In talking to another member of the Inter-Tribal Council, it came up that a proper collecting bag would be welcome, ne mnoti. Mention of the word reminded me of an unhappy interaction with a Ph.D. on the meaning of certain items attached to wampum traditions. In an article he wrote, he attached post-Christian-conversion meanings to traditional items, and presented some fuzzy translations. Collection bags in the mid-Hudson Valley, for instance, were attributed to a species of dogbane that does not grow there. Many errors can arise in ethnography that stems from a lack of intimacy with a landscape. The article was sent to me for review, and my comments on these points were met with derision and disrespect. It's still often assumed that Native Americans do not speak his or her own language or understand etymology, that Indigenous self-knowledge is fickle, and that these things are 'mysteries' for outsider academics to define.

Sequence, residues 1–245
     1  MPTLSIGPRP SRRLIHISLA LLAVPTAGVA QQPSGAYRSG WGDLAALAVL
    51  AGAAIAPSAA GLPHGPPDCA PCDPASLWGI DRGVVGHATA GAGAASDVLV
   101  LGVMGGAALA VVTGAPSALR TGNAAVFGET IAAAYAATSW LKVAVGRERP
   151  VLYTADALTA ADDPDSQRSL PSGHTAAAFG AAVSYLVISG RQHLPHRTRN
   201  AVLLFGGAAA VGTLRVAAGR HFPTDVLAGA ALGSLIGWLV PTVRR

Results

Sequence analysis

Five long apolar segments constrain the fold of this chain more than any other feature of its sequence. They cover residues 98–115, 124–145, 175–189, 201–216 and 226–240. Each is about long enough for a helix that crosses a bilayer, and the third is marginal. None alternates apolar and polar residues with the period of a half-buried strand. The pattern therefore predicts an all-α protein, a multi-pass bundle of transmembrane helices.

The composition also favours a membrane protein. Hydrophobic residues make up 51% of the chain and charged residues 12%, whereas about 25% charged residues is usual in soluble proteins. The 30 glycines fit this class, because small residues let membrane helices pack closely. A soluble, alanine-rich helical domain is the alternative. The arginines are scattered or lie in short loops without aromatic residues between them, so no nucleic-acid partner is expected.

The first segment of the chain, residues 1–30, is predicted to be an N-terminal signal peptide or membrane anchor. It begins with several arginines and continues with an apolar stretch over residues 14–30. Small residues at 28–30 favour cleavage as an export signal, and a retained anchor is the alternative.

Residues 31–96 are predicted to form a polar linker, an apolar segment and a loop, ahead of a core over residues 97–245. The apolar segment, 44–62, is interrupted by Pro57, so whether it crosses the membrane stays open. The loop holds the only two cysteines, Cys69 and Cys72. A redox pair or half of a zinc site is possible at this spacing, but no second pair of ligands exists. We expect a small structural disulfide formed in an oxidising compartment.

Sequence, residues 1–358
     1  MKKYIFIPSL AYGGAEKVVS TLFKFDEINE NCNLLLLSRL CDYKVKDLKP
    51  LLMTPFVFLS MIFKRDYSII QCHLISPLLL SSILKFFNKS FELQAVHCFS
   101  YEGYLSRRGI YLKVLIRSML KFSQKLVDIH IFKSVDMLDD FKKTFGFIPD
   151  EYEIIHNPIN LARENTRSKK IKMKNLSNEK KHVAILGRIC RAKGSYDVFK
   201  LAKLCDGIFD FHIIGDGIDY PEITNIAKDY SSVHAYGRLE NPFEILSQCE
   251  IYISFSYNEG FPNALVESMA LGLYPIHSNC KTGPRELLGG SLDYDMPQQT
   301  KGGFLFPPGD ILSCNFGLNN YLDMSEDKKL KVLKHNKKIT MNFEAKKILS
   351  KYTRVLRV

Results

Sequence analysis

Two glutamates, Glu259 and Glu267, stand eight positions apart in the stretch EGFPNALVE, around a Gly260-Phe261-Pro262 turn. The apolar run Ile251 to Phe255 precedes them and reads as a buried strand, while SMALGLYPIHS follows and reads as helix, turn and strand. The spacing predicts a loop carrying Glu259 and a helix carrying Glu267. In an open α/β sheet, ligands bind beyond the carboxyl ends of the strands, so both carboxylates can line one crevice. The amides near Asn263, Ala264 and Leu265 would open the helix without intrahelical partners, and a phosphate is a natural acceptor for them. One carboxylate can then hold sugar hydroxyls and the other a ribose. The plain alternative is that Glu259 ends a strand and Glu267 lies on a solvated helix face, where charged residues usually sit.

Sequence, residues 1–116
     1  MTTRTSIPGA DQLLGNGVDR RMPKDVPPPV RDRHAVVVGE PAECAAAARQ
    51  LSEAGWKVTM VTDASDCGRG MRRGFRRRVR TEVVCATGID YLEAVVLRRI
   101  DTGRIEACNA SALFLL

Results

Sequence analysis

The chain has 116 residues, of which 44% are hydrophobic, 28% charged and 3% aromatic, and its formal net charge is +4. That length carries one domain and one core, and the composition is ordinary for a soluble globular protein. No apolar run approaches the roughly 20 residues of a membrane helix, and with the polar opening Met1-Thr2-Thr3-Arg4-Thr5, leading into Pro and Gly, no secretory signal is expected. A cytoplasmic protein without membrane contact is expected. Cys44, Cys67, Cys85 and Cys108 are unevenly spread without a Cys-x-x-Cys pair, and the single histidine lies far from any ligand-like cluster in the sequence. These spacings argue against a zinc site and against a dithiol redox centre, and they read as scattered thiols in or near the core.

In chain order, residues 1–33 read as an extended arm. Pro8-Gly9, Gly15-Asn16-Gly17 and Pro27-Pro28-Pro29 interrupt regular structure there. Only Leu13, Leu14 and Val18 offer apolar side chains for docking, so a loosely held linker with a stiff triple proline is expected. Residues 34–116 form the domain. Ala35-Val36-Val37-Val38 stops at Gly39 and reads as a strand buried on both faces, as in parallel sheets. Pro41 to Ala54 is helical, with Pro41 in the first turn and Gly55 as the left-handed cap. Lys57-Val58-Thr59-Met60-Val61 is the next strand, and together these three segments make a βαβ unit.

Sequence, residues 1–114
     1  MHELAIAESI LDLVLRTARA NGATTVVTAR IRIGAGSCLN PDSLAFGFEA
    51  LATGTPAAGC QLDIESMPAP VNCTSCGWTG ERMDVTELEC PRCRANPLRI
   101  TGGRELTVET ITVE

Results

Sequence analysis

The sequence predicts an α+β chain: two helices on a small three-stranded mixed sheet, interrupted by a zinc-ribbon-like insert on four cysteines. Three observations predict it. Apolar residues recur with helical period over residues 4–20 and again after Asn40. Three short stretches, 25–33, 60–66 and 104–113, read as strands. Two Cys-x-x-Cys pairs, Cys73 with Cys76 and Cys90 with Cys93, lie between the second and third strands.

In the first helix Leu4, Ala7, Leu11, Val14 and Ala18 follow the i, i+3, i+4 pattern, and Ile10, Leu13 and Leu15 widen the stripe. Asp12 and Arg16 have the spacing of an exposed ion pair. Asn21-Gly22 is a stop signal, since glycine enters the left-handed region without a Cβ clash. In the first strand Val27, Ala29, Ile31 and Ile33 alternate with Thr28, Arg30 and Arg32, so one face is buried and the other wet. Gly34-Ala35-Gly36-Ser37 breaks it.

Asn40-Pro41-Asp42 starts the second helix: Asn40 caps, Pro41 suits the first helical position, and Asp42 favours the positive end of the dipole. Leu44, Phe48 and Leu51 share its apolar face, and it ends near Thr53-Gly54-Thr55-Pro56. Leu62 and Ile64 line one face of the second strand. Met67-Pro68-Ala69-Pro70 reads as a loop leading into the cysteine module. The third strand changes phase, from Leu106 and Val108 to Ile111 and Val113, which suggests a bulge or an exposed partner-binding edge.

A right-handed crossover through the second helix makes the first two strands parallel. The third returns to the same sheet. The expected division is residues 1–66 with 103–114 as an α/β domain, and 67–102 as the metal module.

I realized that it would not be appropriate to make myself a nice, traditional nnoti (my bag, mnoti = undefined person's bag). Why not? If even a handful of healers decided to make traditional collection bags, creek-side dogbane would be locally wiped out. On the other hand, it's likely that there are few in this watershed who know how to make weaving fiber from dogbane or who observe collecting traditions. It may be necessary to make nnoti so that dogbane fiber manufacturing may be recorded before it's forgotten.